2. From Disavowal to Celebration: The Two Bodies of Screen Theory

(Roberto Mozzachiodi and Nikolaus Perneczky)

This joint presentation will constellate two seemingly remote theoretical modellings, one historical and one contemporary, of the articulation of bodies and screens: first, the disembodied/immobile spectator of classical apparatus theory, and second, the tactile/mobile user of new media theory. It is tempting to conceive of the shift from one model to the other in terms of a progressive accrual of bodily activity and participation. By focussing on critical interventions that rewrite the protocols and rewire the circuits of technologies of (analogue) projection and (digital) display, we instead want to draw attention to the conceptual instabilities and contradictions haunting the figures of both disembodied spectator and “bodified” user. We will stage a dialogue between two such interventions which are roughly contemporaneous with apparatus and new media theory respectively: first, the novel “scenes of projection” (Jill H. Casid) Third Cinema practitioners wrested from the imperial technology of film in the 1960s and 70s, and second, the tactile connectivity of contemporary mobile dispositifs that the film Anathema (The Otolith Group, 2011) attempts to salvage from the contagion of “communicative capitalism” (Jodi Dean). In so doing, we will foreground continuities of power and resistance across shifting assemblages of bodies and screens.

3. Exploring the Techno-mediated Being-with in Gallery Film Art

(Sandra Kazlauskaitė and Alex Anikina)

Considering the pervasive appropriation of technology in projection and video film art since the 1960s-1970s, the joint paper questions how the ever-accelerating mediation of audiovisual technology has framed conceptual developments and perceptual experiences of non-theatrical film art from its initiation until today. For this purpose, the paper initiates a study of embodiment in relation to the artist, the spectator and the audiovisual object, as constructed and experienced within the gallery space. It forms a socio-philosophical analysis of a number of historical and contemporary gallery-based film artworks with an aim to distinguish the possible perceptual and ethical interconnections between the artist/author and the participant’s bodies, both of which, as the paper suggests, are always and already mediated and “contaminated” by the technological object. Whilst the first part of the essay analyses the perceptual context of the artist – her body and its relationship to the aesthetic object, the second part presents the embodied conditions of the experiencing subject.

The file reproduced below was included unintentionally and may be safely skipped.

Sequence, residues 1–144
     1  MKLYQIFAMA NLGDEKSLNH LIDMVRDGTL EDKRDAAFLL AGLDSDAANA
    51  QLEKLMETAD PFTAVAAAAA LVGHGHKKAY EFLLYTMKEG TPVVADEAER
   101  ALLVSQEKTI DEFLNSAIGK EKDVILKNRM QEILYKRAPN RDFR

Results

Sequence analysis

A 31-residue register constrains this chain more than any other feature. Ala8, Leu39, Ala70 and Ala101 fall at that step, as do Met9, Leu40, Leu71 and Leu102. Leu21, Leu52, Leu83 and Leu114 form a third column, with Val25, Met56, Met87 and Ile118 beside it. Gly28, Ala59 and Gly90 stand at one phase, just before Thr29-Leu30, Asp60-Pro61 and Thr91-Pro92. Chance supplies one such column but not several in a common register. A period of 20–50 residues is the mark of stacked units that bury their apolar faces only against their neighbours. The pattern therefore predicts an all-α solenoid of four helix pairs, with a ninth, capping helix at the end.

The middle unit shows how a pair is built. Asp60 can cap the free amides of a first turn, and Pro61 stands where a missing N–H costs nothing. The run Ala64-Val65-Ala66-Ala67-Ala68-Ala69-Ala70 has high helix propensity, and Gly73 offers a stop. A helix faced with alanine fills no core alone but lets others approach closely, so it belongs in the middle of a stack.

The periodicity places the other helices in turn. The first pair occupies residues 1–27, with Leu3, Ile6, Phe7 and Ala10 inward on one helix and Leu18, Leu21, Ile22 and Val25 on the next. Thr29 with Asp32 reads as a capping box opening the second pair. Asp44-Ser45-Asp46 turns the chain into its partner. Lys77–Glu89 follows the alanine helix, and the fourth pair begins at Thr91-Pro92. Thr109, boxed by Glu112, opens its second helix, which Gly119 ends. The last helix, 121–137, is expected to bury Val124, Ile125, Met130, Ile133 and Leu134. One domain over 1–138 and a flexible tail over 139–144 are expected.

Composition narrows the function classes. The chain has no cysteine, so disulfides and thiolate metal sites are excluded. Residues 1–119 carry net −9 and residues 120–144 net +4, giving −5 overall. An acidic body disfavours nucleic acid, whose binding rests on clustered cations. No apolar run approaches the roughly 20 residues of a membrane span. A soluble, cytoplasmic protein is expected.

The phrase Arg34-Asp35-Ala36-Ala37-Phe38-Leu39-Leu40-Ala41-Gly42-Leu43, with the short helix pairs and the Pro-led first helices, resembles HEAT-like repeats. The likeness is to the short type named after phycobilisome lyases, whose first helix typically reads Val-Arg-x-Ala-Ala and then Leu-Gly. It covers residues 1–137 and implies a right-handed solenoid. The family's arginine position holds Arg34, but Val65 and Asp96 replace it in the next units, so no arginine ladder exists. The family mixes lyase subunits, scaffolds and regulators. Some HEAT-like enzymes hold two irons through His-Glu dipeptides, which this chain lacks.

In the paper, the speakers raise the following questions: can each singular metamorphic bodily construct (one of the creator, or one of the participant) exist in perceptual isolation, or do they inescapably conjoin because of the intrinsic presence of the technological apparatus? Due to the relentless rhythmic, reappearing echoes of the background noise, light, and on-screen movement, can all human and non-human bodies be singularized, or do they originate and end in social coexistence? Following Jean Luc Nancy’s theorisations, could we further contemplate on these transmuting bodies as immediately embodied through the notion of being-with, rather than being-within-itself, thus primordially social? If an embodied-with is a viable proposition, then, as the paper suggests, it is through the technological artwork that a more embodied ethico-embodied connection with the creator and with the spectator can be established.